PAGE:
Free malaria treatment
2016 ends with good news to 4.5 million Rwandans who will no longer pay for Malaria treatment.
In its one of the resolutions, a cabinet meeting chaired by President Kagame in November this year announced that Rwandans from the first and second categories of Ubudehe (one of homegrown solutions that enable Rwandans solve problems through mutual support) will receive malaria treatment for free after being examined and diagnosed.
Meanwhile, under reforms in the health sector that marked 2016, RAMA/RSSB beneficiaries will see an increment of 25 per cent on current tariff while those covered by MMI and other private health insurances will pay an extra 15 per cent, however those under the community health insurance Mutuelle de Santé, remain intact.
In May, three members Inkeragutabara were sentenced to 10 years in prison after beating to death Théodosie Mahoro a street vendor in Nyabugogo bus station, trying to seize her goods.
In July, in an official gazette set provisions for fines on both the vendors and buyers in a move aimed at getting street vendors out of the streets. Among the provisions, there was a directive to fine street vendors and buyers Rwf10, 000 each.
Early in September, the City of Kigali opened a new market at Nyabugogo bus station that provides former street vendors with a fixed place to sell their goods, free of taxes for one year.
In October same year, the City of Kigali told KT press that 12 new markets have been constructed across Kigali and more than 5000 former street vendors have been accommodated in such markets. 5 are in Nyarugenge and 7 in Gasabo.
In June this year, Ekocenter, a community market that provides basic needs to the people was officially launched by the Chairman and CEO of Coca-Cola Muhtar Kent and President Kagame in Ruhunda sector Rwamagana district. Te center have been operating since 2014.
The Center provides services including: a wireless Internet, mobile charging, purified water, and improved medical services to 25 000 inhabitants from Ruhunda sector.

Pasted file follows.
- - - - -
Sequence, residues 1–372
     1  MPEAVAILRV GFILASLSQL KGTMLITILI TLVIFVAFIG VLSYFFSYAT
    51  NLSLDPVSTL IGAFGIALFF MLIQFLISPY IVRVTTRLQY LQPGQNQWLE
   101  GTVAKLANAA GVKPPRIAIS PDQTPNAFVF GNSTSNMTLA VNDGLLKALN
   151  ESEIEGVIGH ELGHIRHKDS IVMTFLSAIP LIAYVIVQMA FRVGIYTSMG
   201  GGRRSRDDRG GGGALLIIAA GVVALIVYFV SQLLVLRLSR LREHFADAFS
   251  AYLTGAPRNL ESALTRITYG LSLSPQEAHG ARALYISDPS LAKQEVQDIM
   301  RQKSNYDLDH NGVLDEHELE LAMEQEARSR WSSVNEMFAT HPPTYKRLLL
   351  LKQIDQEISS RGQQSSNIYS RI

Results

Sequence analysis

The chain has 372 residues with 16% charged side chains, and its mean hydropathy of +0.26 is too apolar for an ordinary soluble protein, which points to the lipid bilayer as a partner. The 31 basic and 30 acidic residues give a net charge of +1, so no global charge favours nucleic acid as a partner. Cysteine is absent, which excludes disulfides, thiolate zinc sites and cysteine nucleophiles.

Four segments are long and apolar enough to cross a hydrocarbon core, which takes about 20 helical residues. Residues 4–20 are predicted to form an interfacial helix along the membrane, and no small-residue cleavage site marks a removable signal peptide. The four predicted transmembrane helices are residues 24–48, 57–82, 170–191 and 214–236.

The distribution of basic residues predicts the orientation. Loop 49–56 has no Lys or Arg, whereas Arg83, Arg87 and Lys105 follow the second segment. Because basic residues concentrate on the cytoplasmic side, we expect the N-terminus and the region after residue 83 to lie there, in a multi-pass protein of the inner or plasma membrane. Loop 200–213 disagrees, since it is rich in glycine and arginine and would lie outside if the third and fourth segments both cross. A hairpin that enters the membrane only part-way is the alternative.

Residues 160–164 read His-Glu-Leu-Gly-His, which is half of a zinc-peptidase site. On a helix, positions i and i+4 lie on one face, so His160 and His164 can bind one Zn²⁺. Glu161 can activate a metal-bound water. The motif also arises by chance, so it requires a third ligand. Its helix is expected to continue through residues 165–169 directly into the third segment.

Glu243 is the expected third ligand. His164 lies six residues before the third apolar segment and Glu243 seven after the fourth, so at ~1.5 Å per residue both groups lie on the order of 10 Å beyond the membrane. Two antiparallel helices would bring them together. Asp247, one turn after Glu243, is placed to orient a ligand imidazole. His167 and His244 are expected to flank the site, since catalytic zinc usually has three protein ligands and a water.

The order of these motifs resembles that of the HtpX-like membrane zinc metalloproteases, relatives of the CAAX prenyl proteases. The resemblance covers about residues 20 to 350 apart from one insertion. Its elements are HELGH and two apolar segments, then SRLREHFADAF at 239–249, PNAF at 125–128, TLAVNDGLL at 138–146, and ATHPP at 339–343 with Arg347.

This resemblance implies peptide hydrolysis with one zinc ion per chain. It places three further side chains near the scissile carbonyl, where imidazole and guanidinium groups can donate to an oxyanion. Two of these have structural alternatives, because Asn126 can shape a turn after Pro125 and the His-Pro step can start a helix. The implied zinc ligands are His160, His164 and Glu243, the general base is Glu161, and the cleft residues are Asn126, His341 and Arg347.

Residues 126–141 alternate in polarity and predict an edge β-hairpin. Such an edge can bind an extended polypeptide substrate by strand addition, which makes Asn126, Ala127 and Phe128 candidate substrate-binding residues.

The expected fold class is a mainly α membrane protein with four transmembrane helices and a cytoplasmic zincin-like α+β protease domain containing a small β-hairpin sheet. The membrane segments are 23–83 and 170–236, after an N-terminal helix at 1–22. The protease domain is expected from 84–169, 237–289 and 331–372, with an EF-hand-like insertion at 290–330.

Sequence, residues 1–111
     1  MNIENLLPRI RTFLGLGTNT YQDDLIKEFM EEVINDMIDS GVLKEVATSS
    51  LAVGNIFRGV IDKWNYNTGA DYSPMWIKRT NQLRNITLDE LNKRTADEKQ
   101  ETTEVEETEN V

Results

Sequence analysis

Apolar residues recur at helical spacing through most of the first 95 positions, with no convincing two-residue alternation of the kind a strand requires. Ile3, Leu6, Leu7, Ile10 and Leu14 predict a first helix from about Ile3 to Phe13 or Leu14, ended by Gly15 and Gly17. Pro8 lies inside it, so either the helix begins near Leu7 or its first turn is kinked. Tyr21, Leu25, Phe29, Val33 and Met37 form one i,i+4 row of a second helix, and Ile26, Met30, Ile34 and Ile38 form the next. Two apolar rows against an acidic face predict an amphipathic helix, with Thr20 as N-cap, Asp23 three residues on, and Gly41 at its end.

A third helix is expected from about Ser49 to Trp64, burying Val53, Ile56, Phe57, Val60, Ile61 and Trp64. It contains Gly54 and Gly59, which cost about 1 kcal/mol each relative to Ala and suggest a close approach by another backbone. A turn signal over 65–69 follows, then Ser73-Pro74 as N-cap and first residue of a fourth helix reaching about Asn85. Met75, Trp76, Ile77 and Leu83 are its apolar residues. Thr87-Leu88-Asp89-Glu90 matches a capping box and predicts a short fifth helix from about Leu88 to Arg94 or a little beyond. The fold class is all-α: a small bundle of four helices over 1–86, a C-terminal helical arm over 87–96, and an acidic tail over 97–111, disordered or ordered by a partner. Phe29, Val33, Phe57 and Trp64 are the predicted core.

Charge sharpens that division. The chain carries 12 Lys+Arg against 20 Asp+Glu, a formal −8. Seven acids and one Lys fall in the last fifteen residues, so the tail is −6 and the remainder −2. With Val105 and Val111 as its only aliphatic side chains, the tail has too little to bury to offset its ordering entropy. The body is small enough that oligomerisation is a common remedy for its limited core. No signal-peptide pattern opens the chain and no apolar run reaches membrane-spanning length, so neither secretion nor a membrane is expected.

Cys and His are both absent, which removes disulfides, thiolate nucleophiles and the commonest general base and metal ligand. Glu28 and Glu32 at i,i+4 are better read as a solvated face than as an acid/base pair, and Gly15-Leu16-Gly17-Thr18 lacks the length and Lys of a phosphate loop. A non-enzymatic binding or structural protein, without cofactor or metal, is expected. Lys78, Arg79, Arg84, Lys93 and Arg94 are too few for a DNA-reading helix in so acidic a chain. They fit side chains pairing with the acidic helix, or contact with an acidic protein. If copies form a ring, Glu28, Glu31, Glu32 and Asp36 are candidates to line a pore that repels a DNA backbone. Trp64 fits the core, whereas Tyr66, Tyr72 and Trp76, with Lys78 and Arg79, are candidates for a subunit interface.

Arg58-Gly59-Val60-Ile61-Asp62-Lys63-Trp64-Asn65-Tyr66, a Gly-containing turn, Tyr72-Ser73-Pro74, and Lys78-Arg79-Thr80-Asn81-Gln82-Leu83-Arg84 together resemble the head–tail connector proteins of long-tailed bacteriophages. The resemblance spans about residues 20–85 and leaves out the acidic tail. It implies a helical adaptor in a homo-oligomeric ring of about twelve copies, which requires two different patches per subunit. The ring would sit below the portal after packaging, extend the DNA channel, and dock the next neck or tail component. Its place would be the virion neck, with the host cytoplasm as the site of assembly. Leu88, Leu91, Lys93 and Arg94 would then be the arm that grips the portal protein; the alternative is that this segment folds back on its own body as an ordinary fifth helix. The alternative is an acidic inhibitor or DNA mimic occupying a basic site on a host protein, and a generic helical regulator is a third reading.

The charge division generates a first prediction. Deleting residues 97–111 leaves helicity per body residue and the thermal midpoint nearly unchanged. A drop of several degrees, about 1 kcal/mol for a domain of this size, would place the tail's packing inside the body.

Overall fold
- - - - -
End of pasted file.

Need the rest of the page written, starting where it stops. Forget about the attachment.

In November, two female Rwandan twins- Jocelyne Alexandre and Josephine Murphy from Canada visited Rwanda in the framework of realizing their project which focused on building houses home to Rwandan orphans with initial capital $80 000. Their target is to build 10 houses with a vocational school to support government policy of self-sufficiency and job creation.
Water and electricity
On December 13, Rwanda Utilities Regulatory Authority (RURA) approved new electricity and rural water tariffs. The new tariffs which will begin in January next year, will see low income households (those consuming between 0 and 15 kWh) charged Rwf83/kWh, representing a decrease of 51%.
Industrial customers will enjoy a decrease of 28-34 per cent depending on industry category (large, medium or small). Large industries will be charged of Frw83/kWh, Frw90/kWh for medium industries and Rwf126/kWh for Small industries.
Meanwhile, the new maximum tariffs per jerrycan of water will be Rwf8 from Rwf10 for water systems using gravity, representing 20 per cent decrease. Those who get electricity pumped water will pay Rwf20 per jerrican, compared to the current Rwf30, which is 33 per cent decrease while for water systems using turbo pumped water, the price was reviewed down to Rwf19, compared to Rwf24 currently, which is a-21 per cent decrease.
Tap and Go
The year 2016, left behind 100 of conductors jobless as Kigali public transport went cashless. According to statistics from Rwanda Utilities Regulatory Agency (RURA), more than 3300 vehicles operating in public transport across the country, owned by 41 companies are licensed to provide public transport.